"WDM refers to keV scale DM particles. This is not Hot DM (HDM). (HDM refers to eV scale DM particles, which are already ruled out). CDM refers to heavy DM particles (so called wimps of GeV scale or any scale larger than keV)." . . . For comparison sake, an electron has a mass of about 511 keV. So, a keV scale sterile neutrino would be not more than about 3% of the mass of an electron, and possibly close to 0.2% of the mass of an electron, but would have a mass on the order of 1,000 to 50,000 times that of an ordinary electron neutrino, or more.

The trouble is that any weak force or electromagnetic force interacting particle at this mass scale should have been discovered in particle accelerator experiments by now.

Weak force decays of heavier particles predict very specific branching fractions for neutrinos and those data are a good fit to a universe which has only three generations of left handed neutrinos with masses of under 45 GeV. To a first order approximation, weak force decays are "democratic", i.e. every energetically permitted fundamental particle possibility in a W or Z boson decay that conserves certain other quantum quantities is equally likely to appear. Hence, an extra kind of electromagetically neutral fundamental particle, regardless of its mass, would have a branching fraction equal to the branching fraction of ordinary neutrinos, and this is well within the range of the accuracy of current branching fraction determinations from experiment which are consistent with the Standard Model.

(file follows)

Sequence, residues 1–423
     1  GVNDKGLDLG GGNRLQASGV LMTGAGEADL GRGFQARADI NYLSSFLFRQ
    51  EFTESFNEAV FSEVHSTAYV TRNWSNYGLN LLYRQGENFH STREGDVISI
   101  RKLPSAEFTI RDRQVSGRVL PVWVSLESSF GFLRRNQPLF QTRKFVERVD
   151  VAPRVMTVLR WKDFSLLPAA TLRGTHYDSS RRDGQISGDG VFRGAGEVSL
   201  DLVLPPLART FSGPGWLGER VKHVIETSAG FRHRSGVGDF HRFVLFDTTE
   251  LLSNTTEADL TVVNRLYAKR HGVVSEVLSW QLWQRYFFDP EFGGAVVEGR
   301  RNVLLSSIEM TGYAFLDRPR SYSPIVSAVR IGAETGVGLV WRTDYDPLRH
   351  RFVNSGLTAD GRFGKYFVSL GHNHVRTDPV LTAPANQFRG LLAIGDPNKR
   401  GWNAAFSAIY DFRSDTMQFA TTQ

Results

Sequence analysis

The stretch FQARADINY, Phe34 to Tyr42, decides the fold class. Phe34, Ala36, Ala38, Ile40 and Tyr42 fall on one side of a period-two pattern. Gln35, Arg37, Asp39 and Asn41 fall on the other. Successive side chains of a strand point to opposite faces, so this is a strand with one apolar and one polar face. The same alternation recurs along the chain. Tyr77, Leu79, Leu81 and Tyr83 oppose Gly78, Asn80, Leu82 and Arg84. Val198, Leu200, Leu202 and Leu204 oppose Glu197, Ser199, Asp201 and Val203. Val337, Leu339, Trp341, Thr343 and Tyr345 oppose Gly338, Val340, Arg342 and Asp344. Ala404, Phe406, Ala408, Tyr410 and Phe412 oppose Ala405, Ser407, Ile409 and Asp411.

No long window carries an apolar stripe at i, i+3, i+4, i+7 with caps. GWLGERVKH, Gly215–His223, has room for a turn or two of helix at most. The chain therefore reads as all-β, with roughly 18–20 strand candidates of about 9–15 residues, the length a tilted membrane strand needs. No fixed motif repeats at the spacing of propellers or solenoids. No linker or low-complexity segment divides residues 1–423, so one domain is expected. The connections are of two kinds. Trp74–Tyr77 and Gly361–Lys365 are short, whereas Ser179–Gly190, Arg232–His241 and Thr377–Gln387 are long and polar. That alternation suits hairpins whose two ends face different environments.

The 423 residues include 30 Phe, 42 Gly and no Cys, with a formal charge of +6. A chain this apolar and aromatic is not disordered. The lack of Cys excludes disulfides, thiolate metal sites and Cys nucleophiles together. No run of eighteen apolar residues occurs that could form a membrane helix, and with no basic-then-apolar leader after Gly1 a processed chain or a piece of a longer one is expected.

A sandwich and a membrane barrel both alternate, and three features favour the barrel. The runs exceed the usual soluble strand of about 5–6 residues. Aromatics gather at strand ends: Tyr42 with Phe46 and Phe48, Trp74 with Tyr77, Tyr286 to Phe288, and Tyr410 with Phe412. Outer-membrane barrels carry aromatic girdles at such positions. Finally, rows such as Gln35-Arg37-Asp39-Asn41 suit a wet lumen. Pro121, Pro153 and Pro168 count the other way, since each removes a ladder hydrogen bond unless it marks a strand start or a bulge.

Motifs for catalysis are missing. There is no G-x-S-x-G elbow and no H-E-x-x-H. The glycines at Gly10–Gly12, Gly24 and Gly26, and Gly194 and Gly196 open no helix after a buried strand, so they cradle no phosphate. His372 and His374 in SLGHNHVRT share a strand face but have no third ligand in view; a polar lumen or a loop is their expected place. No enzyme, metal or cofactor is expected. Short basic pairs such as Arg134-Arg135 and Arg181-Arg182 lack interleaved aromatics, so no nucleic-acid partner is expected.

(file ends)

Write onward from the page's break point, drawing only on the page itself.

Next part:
All known fundamental particles that have a non-zero rest mass interact via the weak force, and no known fundamental particles that have a zero rest mass interact via the weak force. A "sterile neutrino" would be the sole exception to this rule if it existed.

Any electromagnetically interacting light fundamental particles other than electron, muon, tau, the six quarks, and the W boson would have been even more obvious in the experiments. While electrically neutral neutrinos are inferred from "massing mass" in reactions, electrically charged particles are detected more or less directly.

Glueballs, a well motivated but hypothetical composite particle made entirely of gluons which would be electrically neutral, would be too heavy and probably wouldn't be sufficiently stable. All but a few of the hypothetically possible composite particles that include quarks have been observed, and from what we can infer about the strong force physics that bind them and the masses of these composite particles, there cannot be any composite particles with masses in keV range or any mass range that is even remotely close. There are simply no indications in the data that there are missing strong force interacting particles either. And, none of the hypothetical particles predicted by string theory or supersymmetry appear to be light enough.